Learning and Teaching at Gilson College

Learning for living, Character for life, Hope for the Future


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Learning, Learning, Learning not Apps, Apps, Apps

Daniel Edwards writes on his ‘…blog [which] chronicles the trials and tribulations of 1:1 iPad deployment in a large secondary school:

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‘An app on its own is like a thinker without thoughts!’


‘…It may be the nature of the beast that apps alone form the basis for conversations about new technology in the classroom. However, the success of tablet provision in the classroom is NOT underpinned solely by apps…alll too often I see reference to ‘look how I can present these words across a picture to engage my students!’ or ‘Check out how this random name app selects my students.’ Don’t get me wrong, I’m sure these opportunities have a place as part of the process, but they certainly aren’t a reason to use tablets in the classroom. The power of learning with new technology lies with the teacher and the ability to choose the appropriate tool for the right intention. Moreover, success directly relates to the relationships between learner and educator, and the learner and learning…’ 

(Emphasis mine)

Read Daniel’s full post here: Learning, Learning, Learning not Apps, Apps, Apps


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1:1 iPads – Working with fewer apps can make for more success…

English: An image of an iPad 2.

English: An image of an iPad 2. (Photo credit: Wikipedia)

http://bit.ly/17zVL20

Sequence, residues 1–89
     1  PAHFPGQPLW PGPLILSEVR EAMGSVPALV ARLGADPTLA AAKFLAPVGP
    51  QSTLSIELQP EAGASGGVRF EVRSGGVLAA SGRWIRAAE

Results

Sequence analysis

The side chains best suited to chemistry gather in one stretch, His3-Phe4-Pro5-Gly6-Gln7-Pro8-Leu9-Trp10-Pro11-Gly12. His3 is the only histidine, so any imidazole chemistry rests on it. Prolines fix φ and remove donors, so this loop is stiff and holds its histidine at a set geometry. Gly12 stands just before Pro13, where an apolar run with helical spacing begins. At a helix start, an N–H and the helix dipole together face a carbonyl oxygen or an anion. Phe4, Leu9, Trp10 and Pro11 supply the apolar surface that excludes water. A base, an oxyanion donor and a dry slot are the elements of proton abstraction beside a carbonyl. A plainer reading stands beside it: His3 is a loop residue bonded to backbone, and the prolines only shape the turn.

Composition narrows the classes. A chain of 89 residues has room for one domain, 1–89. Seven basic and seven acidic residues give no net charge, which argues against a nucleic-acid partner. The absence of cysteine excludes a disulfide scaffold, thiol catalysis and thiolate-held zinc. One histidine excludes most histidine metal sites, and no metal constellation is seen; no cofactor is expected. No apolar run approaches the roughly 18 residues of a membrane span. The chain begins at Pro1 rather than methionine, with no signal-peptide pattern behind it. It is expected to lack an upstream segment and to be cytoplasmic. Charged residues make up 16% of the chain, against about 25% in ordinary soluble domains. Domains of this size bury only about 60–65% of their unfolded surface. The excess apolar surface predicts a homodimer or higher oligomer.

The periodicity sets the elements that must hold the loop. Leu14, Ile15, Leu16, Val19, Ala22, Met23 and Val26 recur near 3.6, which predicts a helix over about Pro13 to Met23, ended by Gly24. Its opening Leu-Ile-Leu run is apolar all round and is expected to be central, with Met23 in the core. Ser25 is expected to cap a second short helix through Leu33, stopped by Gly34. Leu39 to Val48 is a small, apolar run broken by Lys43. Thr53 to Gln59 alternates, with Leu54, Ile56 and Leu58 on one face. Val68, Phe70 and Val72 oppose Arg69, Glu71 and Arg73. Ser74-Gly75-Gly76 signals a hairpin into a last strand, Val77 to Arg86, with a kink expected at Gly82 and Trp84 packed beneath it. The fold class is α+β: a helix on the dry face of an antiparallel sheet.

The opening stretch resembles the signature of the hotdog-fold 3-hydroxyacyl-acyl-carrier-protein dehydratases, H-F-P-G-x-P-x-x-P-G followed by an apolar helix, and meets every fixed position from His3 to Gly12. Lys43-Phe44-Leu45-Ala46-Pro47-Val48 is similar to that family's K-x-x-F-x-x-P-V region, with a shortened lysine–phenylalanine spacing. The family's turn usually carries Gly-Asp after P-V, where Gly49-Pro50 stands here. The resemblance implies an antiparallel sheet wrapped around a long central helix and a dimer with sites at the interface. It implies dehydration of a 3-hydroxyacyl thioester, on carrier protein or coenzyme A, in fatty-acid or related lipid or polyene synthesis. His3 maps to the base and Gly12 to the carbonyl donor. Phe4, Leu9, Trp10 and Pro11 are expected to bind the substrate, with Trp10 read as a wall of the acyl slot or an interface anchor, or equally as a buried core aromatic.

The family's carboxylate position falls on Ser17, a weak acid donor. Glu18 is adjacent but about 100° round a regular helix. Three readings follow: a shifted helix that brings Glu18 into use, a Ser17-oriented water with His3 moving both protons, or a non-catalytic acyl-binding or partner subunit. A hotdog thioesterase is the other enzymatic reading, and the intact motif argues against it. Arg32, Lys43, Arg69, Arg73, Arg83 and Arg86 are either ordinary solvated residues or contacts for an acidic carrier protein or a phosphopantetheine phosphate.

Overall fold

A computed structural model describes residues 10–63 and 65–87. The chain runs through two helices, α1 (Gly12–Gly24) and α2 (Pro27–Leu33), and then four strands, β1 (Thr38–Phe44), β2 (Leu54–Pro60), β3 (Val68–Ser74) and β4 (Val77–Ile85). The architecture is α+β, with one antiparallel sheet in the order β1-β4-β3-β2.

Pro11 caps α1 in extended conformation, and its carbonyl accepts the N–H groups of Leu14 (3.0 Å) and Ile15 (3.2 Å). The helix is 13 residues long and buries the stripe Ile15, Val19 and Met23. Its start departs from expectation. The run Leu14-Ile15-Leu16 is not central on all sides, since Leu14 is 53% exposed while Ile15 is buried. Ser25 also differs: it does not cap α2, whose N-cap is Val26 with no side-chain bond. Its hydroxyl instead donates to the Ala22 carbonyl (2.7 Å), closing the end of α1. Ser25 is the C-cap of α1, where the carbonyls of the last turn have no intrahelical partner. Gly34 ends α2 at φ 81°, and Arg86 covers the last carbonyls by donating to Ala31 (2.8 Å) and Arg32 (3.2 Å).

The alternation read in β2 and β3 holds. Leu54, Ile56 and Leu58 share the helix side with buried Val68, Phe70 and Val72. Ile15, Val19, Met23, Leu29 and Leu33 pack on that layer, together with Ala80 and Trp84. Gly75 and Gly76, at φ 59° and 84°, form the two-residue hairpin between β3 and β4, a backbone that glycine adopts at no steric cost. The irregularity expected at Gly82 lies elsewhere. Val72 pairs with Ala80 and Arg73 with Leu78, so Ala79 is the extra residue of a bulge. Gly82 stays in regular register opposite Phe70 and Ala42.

This recent post, ‘iPads in the Classroom – Can we make it simpler.’, linked above,  from Daniel Edward’s blog, SydEd, is worth reading and noting! By both administrators and teachers. Daniel’s good advice is relevant to us at ASV, especially as our schools and teachers develop their 1:1 programs and apps lists.


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Some excellent English usage, and other Infographics from huntingenglish

Alex Quigley, (I identified Alex from his twitter handle, @HuntingEnglish ) writes on his blog of the same name:

I have to say I am mildly addicted to finding these great infographics. They are an excellent way of presenting a vast amount of information in a lively, visually interesting way. I am set on finding the best of them and when I get some time in the summer actually creating my own!

Alex certainly has found some very informative and useful infographics, which you might be able to put to good use in your teaching and learning programs.

FOLLOW THIS LINK:
Infographics | huntingenglish


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Celebrating Teacher Learning: Justin Martin reflects on his 2012 PL Journey with Web 2.0